The Cairn Terrier is a happy, active, and courageous breed. Craving human interaction, Cairn Terriers have great personalities and are well-suited for children. These hardy dogs like having places to explore and dig.
The Cairn Terrier originated in the 16th century on the Isle of Skye in Scotland. At that time, the breed was known as the Short-Haired Skye Terrier.
These dogs were bred to hunt smaller animals, such as foxes, weasels, and rodents. In 1912, the breed's name changed to Cairn Terrier—a reference to the rock formations where the dogs would often hunt vermin. And the American Kennel Club recognized the breed in 1913.
The best-known Cairn Terrier in the United States to date is Toto, a character from the 1939 classic film The Wizard of Oz.
Cute and compact, the Cairn Terrier is a bright-eyed little pup.
The Cairn Terrier's medium-length coat may be any color besides white, including black, cream, gray, red, silver, wheaten, or brindle-striped shades. Black markings, points, or a black mask are also common (and desirable).
Small and stocky in appearance, the short-legged Cairn Terrier has a rugged, shaggy look. This breed holds its broad, wide head and sharply pointed ears up high.
Active, alert, intelligent, and inquisitive dogs, Cairn Terriers thrive with attention but struggle when left alone too much. In fact, they may become destructive when lonely and bored.
The Cairn Terrier is a small, working breed that likes to please, keep busy, and be challenged. As a result, it can be hard to distract these dogs from an activity they enjoy.
Cairn Terriers need a high-quality dog food that is age-appropriate. As you should with any dog, be sure to monitor the amount of food your Cairn Terrier consumes and reduce the portions if your pup gains weight. Also, remember that giving too many treats in addition to regular meals can contribute to obesity.
In terms of grooming needs, Cairn Terriers are generally low-maintenance. Weekly brushing and combing—as well as occasional hand-stripping to retain the coat's texture—will keep your pup looking their finest.
A modest amount of daily movement should satisfy the exercise needs of your Cairn Terrier. These dogs prefer activities that involve their owners—such as long walks, short runs, or play sessions. Cairn Terriers also seem to enjoy dog sports such as agility, tracking, flyball, and obedience.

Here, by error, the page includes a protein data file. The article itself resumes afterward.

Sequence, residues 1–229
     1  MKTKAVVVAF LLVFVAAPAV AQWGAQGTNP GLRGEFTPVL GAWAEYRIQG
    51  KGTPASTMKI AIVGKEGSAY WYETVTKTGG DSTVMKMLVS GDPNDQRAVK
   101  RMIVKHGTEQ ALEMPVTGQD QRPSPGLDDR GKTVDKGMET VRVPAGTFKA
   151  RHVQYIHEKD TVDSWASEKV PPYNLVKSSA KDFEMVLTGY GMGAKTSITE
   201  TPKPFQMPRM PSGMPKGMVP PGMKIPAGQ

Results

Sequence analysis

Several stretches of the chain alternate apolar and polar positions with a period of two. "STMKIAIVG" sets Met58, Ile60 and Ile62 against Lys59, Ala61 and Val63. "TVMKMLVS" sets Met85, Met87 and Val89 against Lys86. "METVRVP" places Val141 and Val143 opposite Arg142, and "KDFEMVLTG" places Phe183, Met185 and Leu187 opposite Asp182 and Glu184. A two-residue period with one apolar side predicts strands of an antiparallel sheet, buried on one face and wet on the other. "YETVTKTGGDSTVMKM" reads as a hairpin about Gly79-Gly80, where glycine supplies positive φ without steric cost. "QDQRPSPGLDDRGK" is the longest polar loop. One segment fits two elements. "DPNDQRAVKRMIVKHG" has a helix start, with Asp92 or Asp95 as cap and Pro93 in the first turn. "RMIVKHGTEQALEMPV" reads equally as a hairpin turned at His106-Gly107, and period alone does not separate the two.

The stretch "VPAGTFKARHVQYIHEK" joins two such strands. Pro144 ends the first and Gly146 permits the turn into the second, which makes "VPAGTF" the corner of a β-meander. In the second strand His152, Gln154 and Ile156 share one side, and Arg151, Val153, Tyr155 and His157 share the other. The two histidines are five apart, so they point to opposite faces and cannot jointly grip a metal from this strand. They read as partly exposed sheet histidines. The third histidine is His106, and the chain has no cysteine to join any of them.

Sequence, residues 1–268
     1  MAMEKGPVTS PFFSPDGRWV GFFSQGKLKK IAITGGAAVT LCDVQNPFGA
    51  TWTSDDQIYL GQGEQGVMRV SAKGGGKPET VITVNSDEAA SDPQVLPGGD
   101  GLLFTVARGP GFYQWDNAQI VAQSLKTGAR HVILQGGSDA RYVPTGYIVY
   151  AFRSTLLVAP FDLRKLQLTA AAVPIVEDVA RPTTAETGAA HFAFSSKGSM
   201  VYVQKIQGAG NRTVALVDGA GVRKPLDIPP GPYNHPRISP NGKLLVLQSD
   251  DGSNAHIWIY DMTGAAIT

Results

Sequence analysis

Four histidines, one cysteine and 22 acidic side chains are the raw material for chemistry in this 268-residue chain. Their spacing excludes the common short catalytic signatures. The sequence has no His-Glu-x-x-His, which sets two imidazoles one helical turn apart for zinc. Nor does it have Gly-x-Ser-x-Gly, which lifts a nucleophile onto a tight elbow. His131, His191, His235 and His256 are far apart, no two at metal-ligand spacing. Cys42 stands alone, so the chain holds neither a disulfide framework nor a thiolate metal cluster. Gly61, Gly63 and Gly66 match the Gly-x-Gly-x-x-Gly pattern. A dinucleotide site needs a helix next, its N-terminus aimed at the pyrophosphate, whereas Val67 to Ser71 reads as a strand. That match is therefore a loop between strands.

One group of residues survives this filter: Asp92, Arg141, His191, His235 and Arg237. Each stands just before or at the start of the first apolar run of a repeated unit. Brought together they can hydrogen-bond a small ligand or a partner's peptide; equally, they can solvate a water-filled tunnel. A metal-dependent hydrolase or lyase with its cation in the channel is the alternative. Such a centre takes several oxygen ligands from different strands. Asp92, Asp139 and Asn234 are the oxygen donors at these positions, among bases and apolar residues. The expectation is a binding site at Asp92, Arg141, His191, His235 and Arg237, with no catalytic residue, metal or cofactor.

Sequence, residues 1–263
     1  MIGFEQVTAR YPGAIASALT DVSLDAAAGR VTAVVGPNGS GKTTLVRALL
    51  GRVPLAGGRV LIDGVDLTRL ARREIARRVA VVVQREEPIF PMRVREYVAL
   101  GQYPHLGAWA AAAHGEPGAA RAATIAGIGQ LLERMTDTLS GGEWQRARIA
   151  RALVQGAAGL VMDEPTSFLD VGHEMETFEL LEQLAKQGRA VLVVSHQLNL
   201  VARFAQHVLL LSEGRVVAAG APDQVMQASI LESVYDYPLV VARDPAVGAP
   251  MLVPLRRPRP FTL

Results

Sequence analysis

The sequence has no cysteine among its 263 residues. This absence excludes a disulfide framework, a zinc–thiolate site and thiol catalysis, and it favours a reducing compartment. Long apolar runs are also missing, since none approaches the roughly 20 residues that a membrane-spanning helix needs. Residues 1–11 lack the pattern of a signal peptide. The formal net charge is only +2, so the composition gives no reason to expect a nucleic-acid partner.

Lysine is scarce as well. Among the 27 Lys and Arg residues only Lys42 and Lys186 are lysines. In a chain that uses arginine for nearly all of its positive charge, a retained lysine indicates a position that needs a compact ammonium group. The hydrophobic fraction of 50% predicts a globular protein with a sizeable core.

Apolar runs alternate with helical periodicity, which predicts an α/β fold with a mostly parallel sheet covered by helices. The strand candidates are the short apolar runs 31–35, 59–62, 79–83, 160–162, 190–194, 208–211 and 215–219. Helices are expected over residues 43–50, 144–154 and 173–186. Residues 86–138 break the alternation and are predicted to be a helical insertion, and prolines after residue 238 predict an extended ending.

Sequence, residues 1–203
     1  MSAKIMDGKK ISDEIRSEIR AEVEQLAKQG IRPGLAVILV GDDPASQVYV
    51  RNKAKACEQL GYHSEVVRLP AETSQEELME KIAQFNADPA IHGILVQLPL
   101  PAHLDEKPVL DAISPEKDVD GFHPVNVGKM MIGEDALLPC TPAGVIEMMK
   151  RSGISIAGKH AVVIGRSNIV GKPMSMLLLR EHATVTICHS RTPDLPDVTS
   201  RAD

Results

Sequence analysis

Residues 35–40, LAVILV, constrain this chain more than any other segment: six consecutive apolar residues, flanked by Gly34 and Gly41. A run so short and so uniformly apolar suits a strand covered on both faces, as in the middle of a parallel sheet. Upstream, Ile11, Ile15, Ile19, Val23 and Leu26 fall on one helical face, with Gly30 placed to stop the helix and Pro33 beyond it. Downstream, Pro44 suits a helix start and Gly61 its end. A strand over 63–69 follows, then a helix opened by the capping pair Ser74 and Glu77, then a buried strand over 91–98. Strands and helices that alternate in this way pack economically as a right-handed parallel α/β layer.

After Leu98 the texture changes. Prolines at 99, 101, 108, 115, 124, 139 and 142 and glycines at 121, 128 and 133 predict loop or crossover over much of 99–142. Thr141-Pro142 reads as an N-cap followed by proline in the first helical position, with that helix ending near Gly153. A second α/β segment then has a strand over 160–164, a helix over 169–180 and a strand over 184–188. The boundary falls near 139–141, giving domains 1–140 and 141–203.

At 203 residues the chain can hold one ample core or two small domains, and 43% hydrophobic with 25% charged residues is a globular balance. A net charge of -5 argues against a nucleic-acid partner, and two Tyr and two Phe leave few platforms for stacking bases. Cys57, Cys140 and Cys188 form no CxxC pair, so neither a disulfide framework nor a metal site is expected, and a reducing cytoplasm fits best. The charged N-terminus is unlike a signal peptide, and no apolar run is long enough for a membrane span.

Though they can be stubborn or strong-willed, Cairn Terriers respond to gentle, reward-based training. And thanks to their high intelligence, they are quick to learn.
Due to the breed's history of hunting, Cairn Terriers may bark, scratch at the ground or dig, and chase wildlife. But they're friendly with other dogs and pets when properly socialized.
Cairn Terriers get along well with kids. But like dogs of any breed, they should not be in the company of children without supervision.
Macrothrombocytopenia is a blood disorder characterized by oversized blood platelets, which play an important role in blood clotting when a blood vessel is injured.
Craniomandibular Osteopathy (CMO), also known as "lion's jaw", is a disorder of the skull where the jaw bones show swelling and thickening, causing pain, drooling, and difficulties in eating.
Pyruvate Kinase Deficiency (PKD) is a disorder that causes anemia due to the breakdown of red blood cells.
Globoid Cell Leukodystrophy (GLD) is a disorder which results in degeneration of the nervous system. GLD is characterized by muscle weakness, tremors, and ataxia (uncoordinated movement). Signs of the disease also include behavioral changes, incoherence, blindness, and deficits in normal reflexes.
Knowing if your Cairn Terrier is a carrier or at-risk for these conditions can help you and your veterinarian plan for your pup’s lifelong care. With Wisdom Panel™ Premium, you can get results for over 200 genetic health tests.
Reviewed July 26, 2020 by Cindy Elston, DVM, MPH